Now I really felt as though this is the outback – travelling over red-sand roads
Looking back as our trailer is towed over the red dusty road (don’t ever expect to visit the true outback and not get a bit dusty!)
We weren’t far into Currawinya National Park when we saw Major Mitchell cockatoos feeding on Callitris fruits (native ‘cypress’), giving our photographer from Hong Kong a chance to take several photos …
Major Mitchell cockatoos, Cuarrawinya National Park
… also plenty of sand monitors (sand goannas)
Sand monitor in Currawinya National Park
… a couple of inquisitive emus wandered over for a closer look at our vehicle, …
Emus coming for a closer look at our tour vehicle in Currawinya National Park
… and we saw many red kangaroos over the next few days
Another sign that we’re really in the outback – a red kangaroo in Currawinya National Park
The lakes were a little disappointing – the same wind that was fanning the fires at Kilcowera was whipping up the water on the lake, so we didn’t see as many waterbirds as hoped, although we still some a few at various waterholes.
The signs informing us about bilbies and the bilgy fence are unfortunately showing signs of bleaching in the sun
We hope these signs can be replaced – they’re packed with interesting information about bilbies in Currawinya National Park, when you can actually read them!
And most importantly, we hope the bilby fence itself can be fully mended soon! Also that the ferals can be controlled – we saw lots of goats and quite a few pigs while there
There are far too many feral mammals in Currawinya National Park – goats, pigs, sheep, rabbits, foes, cats …
After a night of camping by the Paroo River we headed on to Bowra, a former cattle station long known as a birding hotspot and now owned by the Australian Wildlife Conservancy
You can see a lot of bits here just by getting out of bed and sitting near the waterhole (not too near – you don’t want to make yourself too conspicuous to the shier birds). Wandering down the tracks from the accommodation or driving to one of the other waterholes in the early morning or late afternoon is also good. Here is some of what we saw …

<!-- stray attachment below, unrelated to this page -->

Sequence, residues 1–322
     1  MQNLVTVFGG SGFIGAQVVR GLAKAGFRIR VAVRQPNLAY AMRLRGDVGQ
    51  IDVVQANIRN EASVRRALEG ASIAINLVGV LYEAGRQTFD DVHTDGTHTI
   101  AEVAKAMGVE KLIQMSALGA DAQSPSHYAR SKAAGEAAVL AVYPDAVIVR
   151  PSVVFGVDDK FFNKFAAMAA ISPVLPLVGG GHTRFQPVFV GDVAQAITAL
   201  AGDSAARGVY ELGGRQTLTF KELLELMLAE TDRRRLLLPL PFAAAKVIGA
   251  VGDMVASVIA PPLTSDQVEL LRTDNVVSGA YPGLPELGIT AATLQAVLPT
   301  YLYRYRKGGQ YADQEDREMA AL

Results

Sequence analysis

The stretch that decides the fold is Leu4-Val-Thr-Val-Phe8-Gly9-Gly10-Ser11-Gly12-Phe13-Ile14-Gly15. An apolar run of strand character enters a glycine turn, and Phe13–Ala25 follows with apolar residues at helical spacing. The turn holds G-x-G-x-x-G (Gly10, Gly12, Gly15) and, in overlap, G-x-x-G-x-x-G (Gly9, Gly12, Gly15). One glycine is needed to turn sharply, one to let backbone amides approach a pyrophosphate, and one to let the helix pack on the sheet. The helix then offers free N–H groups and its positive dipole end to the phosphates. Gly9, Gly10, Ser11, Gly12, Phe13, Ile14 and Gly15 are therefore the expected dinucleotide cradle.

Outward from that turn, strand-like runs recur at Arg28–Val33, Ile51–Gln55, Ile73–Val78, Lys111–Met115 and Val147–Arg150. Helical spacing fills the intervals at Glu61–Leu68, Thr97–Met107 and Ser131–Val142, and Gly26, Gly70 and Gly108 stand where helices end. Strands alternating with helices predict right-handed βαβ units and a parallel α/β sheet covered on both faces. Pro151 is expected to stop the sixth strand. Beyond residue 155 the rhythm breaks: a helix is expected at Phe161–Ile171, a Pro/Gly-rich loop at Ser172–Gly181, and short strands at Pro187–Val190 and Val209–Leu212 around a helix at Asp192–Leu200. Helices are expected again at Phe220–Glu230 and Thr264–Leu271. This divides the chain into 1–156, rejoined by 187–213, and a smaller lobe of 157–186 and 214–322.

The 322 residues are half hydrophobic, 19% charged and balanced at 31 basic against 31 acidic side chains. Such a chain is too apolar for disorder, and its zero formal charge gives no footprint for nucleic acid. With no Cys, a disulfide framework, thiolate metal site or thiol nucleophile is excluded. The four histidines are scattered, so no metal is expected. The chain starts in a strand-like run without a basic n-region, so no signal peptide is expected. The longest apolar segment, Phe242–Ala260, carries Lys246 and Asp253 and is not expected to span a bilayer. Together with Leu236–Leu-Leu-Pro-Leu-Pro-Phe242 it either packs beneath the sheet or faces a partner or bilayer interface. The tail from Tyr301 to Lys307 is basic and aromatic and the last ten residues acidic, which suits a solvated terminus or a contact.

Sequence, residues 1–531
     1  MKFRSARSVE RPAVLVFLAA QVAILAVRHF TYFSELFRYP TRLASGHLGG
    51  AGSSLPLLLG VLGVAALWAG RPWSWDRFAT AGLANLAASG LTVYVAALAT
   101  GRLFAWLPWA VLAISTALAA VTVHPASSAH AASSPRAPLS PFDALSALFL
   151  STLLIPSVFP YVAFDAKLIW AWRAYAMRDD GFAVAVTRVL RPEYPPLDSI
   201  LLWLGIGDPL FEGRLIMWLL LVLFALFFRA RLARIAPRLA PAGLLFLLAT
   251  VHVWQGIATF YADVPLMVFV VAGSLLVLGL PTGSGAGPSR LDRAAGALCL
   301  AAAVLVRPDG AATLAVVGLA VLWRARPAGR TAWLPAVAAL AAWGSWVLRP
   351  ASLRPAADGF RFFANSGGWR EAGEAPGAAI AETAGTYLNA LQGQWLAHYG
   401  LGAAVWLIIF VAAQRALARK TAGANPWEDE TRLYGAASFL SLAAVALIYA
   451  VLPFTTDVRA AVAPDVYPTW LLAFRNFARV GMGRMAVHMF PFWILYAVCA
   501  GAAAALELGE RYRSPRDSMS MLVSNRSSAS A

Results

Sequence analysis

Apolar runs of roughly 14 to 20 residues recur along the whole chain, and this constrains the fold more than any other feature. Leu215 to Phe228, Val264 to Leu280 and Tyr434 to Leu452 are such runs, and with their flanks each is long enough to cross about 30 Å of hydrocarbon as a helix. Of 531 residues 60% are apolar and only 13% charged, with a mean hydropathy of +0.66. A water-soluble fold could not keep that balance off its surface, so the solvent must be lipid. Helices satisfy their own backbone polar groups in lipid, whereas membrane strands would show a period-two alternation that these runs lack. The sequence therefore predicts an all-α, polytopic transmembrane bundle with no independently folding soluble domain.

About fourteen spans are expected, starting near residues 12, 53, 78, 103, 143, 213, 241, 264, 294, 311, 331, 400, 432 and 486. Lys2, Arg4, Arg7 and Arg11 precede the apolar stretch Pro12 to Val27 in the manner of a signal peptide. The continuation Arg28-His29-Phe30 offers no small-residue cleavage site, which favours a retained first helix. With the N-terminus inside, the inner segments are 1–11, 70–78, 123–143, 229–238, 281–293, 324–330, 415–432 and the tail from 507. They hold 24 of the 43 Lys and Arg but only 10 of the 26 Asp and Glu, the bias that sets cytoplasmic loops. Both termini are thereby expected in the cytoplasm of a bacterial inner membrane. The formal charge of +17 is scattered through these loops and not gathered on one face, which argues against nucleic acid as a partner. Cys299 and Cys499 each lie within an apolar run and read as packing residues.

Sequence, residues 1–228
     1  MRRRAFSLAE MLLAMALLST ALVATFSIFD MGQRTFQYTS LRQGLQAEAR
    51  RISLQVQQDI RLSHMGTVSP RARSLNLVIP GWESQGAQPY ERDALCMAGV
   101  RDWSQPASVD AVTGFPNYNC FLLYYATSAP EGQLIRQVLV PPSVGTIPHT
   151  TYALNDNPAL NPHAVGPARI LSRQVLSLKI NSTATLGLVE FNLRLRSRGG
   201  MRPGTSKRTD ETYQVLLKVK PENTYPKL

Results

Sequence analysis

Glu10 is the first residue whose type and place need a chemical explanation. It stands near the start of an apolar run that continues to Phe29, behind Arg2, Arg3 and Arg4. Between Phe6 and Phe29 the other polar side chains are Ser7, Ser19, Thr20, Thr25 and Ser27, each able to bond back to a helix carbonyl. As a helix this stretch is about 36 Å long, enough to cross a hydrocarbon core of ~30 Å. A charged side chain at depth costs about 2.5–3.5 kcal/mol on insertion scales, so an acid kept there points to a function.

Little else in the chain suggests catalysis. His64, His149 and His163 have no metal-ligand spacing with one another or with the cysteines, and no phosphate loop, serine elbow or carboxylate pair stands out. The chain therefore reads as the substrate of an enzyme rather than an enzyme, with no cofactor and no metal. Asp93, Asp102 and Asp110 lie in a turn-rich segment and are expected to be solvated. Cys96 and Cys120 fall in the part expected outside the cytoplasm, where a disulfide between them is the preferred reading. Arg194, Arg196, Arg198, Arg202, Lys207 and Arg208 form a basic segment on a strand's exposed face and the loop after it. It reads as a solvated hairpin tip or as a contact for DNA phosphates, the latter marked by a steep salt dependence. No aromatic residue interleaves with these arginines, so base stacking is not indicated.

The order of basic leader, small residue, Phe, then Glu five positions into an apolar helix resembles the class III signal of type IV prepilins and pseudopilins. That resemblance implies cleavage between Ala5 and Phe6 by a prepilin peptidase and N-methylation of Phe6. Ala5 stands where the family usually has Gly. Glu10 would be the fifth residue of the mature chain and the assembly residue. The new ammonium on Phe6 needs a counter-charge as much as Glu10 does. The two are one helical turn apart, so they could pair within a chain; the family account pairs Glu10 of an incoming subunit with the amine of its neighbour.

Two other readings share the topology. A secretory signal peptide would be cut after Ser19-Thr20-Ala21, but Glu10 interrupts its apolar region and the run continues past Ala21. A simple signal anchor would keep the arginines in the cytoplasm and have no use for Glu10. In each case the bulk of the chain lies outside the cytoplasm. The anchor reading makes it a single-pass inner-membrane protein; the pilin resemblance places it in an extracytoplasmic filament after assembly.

Darren photographing birds at the waterhole next to the accommodation
Budgerigars and finches arriving at the waterhole soon after dawn
The Major Mitchell cockatoos arrive at the waterhole
There were many dutiful emu Dads around, including this one bringing his chicks to the waterhole
Rainbow bee-eaters abounded here
Red-eumped parrots: male and female
Brown tree-creeper, which I was surprised to see foraging at times on the ground (I’ve never seen the white-throated one do this)
It was great to see the chestnut-crowned babblers here, as well as grey-crowned, but it took some time to find their more elusive relatives
On the final morning we finally spotted a drop of Hall’s Babblers in the woodland behind the Sawpit waterhole
Also on the final morning we found crimson chats – they didn’t stick around long enough for a decent photo but at least we did glimpse these beautiful little birds
This track was left by a kangaroo using the ‘pentadactyl motion’ very common when moving slowly – hind legs, then tail and hands, hind legs again etc. (confusing things a little are some old tyre tracks)
This large fellow crossed the road in front of our vehicle and quickly disappeared into the long grass
This gecko, possibly a tree stella, seemed to appreciate the way our light attracted invertebrates to feast on
This emerald-spotted (or Peron’s) tree frog was one of three species of treefrog regularly inhabiting the toilet bock
Then goodbye to Bowra, goodbye to outback until next time (which won’t be until at least April next year – things are likely to be pretty hot out there before then, and at time of writing the bush fires are still raging at Kilcowera and surrounding district)